Ordering Proof: Beyond Adversarial and Inquisitorial Trial Structures
50 Pages Posted: 7 Mar 2015 Last revised: 16 Aug 2017
Date Written: February 27, 2015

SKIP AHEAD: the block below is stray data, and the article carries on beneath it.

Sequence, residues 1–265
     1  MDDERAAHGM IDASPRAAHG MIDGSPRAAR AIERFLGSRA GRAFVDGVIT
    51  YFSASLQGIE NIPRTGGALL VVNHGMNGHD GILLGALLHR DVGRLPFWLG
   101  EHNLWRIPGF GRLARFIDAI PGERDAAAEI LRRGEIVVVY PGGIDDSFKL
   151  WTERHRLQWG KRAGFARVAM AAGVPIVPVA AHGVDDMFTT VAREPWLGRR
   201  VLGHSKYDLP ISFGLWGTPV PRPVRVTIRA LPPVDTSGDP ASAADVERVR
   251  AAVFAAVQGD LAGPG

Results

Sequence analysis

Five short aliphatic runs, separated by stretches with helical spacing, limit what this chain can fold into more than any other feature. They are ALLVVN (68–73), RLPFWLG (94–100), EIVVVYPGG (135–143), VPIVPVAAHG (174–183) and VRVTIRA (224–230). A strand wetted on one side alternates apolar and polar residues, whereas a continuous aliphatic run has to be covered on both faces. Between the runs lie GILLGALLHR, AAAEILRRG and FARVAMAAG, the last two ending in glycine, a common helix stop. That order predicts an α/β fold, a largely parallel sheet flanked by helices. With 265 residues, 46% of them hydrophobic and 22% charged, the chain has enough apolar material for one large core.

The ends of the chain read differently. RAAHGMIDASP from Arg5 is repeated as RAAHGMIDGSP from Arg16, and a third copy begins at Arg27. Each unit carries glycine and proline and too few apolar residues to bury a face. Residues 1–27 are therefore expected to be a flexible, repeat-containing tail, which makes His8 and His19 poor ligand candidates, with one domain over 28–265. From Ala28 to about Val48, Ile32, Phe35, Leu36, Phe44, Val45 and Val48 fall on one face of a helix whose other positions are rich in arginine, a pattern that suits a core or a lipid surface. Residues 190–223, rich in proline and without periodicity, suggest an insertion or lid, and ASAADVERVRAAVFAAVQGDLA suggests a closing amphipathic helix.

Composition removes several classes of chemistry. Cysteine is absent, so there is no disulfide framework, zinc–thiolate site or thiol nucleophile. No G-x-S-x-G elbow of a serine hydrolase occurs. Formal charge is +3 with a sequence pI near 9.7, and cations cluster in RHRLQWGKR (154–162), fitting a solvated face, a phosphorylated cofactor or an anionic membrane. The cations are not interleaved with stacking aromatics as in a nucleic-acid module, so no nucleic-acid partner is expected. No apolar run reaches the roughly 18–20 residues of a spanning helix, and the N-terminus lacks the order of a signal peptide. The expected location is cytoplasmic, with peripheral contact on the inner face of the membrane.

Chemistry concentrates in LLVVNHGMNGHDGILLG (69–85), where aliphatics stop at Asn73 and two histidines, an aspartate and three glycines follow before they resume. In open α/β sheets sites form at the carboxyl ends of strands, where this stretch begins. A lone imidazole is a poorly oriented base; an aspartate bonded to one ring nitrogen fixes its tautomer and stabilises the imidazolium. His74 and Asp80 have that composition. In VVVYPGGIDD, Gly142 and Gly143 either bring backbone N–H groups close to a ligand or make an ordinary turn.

In typical trials, judges and juries will find it easier to remember the proof that occurs early in the process than what comes later. Moreover, once a fact-finder starts to form a working hypothesis to explain the facts of the case, they will be biased towards interpreting new facts in a way that confirms that theory, rather than undermines it. These two psychological mechanisms will often combine to create a strong “primacy effect,” in which the party who goes first gains a subtle but significant advantage over the opposing party. In this article, I propose a new method of ordering proof, designed to minimize the inaccuracy or unfairness that can arise due to primacy effects. A neutral third person, rather than the parties, would have the responsibility to prepare an opening “statement of the dispute,” which would take the place of partisan opening statements. In lieu of separate, partisan cases-in-chief, this neutral third party would also decide the order in which witnesses testify, balancing considerations of clarity, efficiency, and neutrality between the parties. This proposed ordering would, however, be subject to variations by agreement among the parties. In a jury trial, the presiding judge could perform this function, while in non-jury trials, a magistrate judge or an appointed master would do so. After exploring the reasons why this new mode of ordering proof would be likely to improve the fairness and accuracy of our system without excessive cost or inconvenience, I propose a policy experiment, in which the proposed method is tested in a random selection of jurisdictions, so that its impacts on outcomes, costs, and litigant satisfaction can be measured.
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